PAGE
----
Therapeutic Efficacy of Metipranolol Eye Drops 0.3% Versus Timolol Eye Drops 0.25%
Since the introduction of β-sympathicolytics in the treatment of elevated intraocular pressure a great number of studies on β-receptor blocking agents dealing with the dynamics of the aqueous humour have been conducted. Ever since the pressure reducing effect was first described in 1970 , timolol represents the most widely used β-blocking agent. Timolol is to be classified along with the noncardioselective β-blocking agents, i. e. responsible for the blockade both at the cardial β-1-receptors and at the extra-cardial β-2-receptors of the bronchi and vessels. The newly developed β-blocking agent metipranolol demonstrates slight β-blocking equipotent doses to inhibit isoproterinol tachycardia compared with propranolol. It exhibits very slight sympathomimetic properties and, measured by the elevation of the fibrillation threshold in electrically stimulated rabbits hearts , it shows extremely slight membrane-stabilizing properties. The slight β-stimulating property (intrinsic sympathicomimetic activity) both of metipranolol and timolol as well as their slight cardioselectivity already indicate that both drugs are contraindicated in patients with obstructive airways diseases. Relevant studies on the action of non-cardioselective β-blocking agents with and without this effect on the airway resistance  and in patients with small airways disease  have already been presented. A first clinical study on the action of metipranolol in glaucomatous eyes was published in 1982 . On the basis of the comparison with timolol with regard to maximum reductions in intraocular pressure after single medication with mean value and calculation of range of diffusion, the authors concluded that the action of metipranolol and timolol on intraocular pressure in glaucoma patients is about equal. Studies are also available on the topical anaesthetising effect of metipranolol on corneal sensitivity .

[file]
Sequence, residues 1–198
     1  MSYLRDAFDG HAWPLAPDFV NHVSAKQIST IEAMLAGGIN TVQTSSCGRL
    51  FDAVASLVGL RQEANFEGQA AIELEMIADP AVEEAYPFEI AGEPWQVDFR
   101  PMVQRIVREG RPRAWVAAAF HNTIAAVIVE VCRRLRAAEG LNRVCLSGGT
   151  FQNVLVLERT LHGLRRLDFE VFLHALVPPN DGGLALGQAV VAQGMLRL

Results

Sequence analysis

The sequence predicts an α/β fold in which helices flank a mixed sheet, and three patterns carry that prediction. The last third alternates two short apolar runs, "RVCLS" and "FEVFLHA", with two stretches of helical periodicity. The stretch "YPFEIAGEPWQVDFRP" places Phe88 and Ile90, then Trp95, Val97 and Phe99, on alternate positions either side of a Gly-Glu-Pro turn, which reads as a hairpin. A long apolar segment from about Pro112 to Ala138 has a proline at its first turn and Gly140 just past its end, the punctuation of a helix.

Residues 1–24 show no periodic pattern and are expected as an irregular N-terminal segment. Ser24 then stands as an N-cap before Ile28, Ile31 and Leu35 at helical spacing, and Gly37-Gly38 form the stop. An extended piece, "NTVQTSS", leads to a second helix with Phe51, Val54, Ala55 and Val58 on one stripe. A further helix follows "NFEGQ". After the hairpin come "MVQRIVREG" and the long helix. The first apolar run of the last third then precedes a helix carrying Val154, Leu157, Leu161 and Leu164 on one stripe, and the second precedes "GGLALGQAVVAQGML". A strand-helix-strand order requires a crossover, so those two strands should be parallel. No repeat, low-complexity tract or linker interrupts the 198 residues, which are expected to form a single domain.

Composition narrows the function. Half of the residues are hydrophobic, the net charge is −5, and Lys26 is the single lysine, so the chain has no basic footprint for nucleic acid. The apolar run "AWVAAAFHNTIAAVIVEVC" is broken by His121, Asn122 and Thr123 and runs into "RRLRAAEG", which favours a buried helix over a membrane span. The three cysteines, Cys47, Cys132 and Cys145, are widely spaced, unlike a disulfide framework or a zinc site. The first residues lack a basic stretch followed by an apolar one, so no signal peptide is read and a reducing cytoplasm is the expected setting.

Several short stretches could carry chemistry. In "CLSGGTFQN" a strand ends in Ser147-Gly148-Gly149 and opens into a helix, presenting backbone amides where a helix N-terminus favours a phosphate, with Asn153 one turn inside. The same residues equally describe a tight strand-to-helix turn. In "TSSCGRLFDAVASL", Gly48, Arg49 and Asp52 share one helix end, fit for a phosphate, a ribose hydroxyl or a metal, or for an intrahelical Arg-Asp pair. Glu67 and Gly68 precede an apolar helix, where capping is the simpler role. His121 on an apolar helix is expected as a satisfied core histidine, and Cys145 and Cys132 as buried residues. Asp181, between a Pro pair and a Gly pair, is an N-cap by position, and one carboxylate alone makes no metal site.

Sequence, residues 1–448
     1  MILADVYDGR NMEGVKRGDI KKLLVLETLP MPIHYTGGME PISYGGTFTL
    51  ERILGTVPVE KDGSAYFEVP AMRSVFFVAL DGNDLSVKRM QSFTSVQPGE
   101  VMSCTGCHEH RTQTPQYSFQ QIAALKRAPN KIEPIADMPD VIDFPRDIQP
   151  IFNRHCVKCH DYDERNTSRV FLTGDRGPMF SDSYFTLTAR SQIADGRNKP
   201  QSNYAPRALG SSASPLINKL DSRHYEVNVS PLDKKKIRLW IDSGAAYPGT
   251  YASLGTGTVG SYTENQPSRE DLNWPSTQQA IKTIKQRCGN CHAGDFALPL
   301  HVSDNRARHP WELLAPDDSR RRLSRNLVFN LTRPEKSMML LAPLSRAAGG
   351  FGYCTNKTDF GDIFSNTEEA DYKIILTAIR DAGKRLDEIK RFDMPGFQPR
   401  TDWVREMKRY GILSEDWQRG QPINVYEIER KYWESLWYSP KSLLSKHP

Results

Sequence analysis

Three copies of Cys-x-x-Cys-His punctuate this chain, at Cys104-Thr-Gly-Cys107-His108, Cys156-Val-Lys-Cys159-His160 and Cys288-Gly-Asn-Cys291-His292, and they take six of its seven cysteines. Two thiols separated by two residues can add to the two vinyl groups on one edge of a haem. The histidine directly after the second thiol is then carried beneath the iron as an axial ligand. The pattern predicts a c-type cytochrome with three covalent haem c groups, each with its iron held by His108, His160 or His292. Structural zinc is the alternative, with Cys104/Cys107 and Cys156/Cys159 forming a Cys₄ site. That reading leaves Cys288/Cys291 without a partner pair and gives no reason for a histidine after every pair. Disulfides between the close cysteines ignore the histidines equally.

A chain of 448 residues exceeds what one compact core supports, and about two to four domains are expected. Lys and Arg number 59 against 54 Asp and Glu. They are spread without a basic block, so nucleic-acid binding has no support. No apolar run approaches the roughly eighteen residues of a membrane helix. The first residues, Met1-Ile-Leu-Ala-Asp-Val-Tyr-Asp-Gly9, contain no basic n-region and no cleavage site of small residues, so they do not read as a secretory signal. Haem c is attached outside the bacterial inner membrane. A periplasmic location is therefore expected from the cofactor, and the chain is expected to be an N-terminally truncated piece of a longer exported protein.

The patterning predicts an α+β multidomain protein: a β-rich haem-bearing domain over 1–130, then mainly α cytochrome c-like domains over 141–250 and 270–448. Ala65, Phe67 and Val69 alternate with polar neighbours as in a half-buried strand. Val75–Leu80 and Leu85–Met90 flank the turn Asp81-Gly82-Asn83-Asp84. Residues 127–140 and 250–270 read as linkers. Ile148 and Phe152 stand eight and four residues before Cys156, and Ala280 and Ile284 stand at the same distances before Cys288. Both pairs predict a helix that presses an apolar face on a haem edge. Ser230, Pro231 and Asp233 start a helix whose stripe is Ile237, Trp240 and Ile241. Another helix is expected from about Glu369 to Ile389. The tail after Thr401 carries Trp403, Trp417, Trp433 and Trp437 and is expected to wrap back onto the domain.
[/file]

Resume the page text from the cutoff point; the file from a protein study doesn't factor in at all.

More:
KeywordsIntraocular Pressure Obstructive Airway Disease Elevated Intraocular Pressure Small Airway Disease Heart Frequency
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